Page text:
Tag Archives | Kazakhstan

“Epidemic Of Sleep” Reported In Village In Kazakhstan

sleepingIs it mass hysteria? A mysterious epidemic that could grind society to a halt? Or perhaps a logical response to the complexities of modern life? Via Brazil Weird News:

An “Epidemic of Sleep” is how doctors are calling a strange disease that spread among the villagers of Kalachi, Akmola region, Kazakhstan.

Local TV channel KTK reported that, even now, nothing is known about the cause of the disorder. It was found that the affected people are not close nor had any fortuitous contact with each other.

The complaints relate symptoms such as weakness, fainting, even hallucinations. All victims begin to feel an irresistible desire to sleep. Village resident Hope Yakimova said: “People are falling sleeping suddenly, anywhere, standing or sitting.”

Radiation levels and samples of air, water, and soil were measured across town. The blood of the victims was also analyzed seeking traces of heavy metals and other toxic substances.

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Giant Pentagram Visible From Above In Wilderness Of Kazakhstan

pentagramVisible from above, but a message from below? Via Live Science:

On the wind-blown steppes of central Asia, in an isolated corner of Kazakhstan, there’s a large pentagram etched into the Earth’s surface.

Located on the southern shore of the Upper Tobol Reservoir, it shows up vividly on Google Maps. There are almost no other signs of human habitation in the area; the closest settlement is the city of Lisakovsk, about 12 miles to the east.

What is this bizarre symbol, measuring roughly 1,200 feetin diameter, doing on the side of a desolate lake in northern Kazakhstan? Though it’s difficult to discern exactly what the Kazakh pentagram is, or was, used for, several online comments indicate that it’s the abandoned site of a Soviet-era lakeside campground.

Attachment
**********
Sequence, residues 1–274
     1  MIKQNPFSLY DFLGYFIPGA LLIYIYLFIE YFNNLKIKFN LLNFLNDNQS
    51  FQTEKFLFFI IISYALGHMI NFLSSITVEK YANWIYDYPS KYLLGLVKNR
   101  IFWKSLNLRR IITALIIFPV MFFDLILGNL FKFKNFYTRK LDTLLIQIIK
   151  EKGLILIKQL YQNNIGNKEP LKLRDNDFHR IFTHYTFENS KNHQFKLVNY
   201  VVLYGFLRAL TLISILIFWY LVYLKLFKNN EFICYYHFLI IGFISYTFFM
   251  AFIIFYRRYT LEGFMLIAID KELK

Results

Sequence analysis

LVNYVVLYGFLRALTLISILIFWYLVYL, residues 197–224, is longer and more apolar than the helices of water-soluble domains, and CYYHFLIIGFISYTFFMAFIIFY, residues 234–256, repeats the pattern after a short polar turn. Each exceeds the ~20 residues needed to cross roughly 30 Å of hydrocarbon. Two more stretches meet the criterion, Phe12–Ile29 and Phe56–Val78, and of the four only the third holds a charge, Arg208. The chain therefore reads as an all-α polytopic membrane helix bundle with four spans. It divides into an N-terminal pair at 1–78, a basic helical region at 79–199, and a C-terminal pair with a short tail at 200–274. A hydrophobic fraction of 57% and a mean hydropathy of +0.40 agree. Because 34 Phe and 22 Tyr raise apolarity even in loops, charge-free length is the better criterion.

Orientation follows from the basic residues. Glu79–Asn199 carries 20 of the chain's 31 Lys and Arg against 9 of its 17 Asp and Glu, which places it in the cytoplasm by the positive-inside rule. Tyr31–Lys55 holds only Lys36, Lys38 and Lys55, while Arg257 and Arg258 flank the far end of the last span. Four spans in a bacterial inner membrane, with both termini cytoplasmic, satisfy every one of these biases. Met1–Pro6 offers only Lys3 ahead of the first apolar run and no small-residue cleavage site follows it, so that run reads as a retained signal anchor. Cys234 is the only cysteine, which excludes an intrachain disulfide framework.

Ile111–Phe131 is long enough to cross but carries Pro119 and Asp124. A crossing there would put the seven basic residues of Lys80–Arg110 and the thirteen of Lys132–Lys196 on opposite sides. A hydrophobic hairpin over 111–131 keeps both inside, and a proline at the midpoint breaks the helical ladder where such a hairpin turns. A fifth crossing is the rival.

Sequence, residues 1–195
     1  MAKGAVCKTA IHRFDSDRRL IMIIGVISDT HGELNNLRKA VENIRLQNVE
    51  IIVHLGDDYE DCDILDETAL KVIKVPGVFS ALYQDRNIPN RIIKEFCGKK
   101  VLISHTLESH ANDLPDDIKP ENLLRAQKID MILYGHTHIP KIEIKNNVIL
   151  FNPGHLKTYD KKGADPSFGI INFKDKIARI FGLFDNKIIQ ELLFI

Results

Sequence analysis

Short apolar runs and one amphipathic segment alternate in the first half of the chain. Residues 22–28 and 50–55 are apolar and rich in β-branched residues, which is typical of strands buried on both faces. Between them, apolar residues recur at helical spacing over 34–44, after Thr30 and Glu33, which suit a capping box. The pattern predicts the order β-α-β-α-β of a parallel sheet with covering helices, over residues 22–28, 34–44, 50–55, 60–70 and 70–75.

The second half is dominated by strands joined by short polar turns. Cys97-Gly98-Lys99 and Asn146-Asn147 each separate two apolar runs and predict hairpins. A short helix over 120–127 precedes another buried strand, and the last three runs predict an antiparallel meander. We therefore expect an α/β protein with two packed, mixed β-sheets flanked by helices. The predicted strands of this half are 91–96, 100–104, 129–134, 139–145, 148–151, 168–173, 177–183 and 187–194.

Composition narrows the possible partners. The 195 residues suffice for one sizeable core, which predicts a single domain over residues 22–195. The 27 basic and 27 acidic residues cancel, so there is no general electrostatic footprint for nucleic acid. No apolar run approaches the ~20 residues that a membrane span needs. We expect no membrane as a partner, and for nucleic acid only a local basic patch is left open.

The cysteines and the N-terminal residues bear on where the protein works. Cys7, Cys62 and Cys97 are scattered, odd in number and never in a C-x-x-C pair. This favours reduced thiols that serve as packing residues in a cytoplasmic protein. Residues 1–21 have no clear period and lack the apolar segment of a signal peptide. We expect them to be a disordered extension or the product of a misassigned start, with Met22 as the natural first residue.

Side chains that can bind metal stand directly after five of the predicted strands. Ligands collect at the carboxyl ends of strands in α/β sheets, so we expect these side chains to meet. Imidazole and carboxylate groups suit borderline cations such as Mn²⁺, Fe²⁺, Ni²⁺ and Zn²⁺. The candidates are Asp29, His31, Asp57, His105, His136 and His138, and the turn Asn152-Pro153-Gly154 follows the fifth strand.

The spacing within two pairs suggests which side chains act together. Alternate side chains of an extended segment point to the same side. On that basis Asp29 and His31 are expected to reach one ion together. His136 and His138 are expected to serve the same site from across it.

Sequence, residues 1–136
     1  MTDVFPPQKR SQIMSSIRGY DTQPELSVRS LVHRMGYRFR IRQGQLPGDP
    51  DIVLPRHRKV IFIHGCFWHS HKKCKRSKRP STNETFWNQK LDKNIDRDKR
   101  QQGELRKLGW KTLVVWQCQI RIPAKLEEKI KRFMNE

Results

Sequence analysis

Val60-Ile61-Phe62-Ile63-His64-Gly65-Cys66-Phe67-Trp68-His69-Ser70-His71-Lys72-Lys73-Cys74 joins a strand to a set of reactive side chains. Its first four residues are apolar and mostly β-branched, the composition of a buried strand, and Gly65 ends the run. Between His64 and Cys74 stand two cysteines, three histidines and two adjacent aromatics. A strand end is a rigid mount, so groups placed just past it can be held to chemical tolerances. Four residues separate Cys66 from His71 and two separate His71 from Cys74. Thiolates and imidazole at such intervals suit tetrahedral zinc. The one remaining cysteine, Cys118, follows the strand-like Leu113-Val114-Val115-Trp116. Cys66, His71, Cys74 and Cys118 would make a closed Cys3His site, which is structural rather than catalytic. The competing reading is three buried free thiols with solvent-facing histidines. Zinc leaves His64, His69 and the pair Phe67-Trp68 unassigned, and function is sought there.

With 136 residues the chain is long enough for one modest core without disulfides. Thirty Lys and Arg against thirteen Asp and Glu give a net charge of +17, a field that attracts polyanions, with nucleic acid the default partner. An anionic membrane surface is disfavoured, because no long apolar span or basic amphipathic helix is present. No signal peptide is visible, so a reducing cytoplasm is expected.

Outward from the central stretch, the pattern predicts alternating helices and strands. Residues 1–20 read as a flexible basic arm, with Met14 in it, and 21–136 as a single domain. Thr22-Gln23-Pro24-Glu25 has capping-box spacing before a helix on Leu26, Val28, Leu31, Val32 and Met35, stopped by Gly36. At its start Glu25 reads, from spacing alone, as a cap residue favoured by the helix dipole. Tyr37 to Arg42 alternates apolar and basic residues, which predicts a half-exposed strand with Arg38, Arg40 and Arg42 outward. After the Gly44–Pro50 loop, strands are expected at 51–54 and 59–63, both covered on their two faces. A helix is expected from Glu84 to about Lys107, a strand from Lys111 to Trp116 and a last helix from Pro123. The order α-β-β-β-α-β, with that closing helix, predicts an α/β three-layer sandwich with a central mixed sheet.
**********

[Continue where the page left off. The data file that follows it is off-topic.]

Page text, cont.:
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Kazakhstan To Rebury Ancient Warlord, Fearing Curse

ancient warlord

Call the reburial a case of superstition triumphing over rationality, but, frankly, the Golden Man gives me the creeps too. RIA Novosti reports:

Ever heard about the curse of the pharaohs? Well, how about the curse of a 2,500-year-old chief of a nomadic Scythian tribe that brings about floods, droughts, and livestock decimation?

The Scythian curse is real, say locals in a remote area of eastern Kazakhstan where the chieftain’s remains were discovered – and where they will be reinterred this weekend to appease his spirit, to the chagrin of archeologists.

In 2003, an archeological expedition dug up a burial mound in the Shiliktinskaya Valley to find a Golden Man – a presumed leader of the Saka tribe, a branch of the Scythian nomads that populated Central Asia and southern Siberia in the 1st millennium BC.

Since the mound was excavated, the area around it has been hit by several floods, a drought, a mass loss of livestock and an increase in births of children with learning disabilities, locals said, Kazakh television KTK reported.

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Debating The Global Media—in Kazakhstan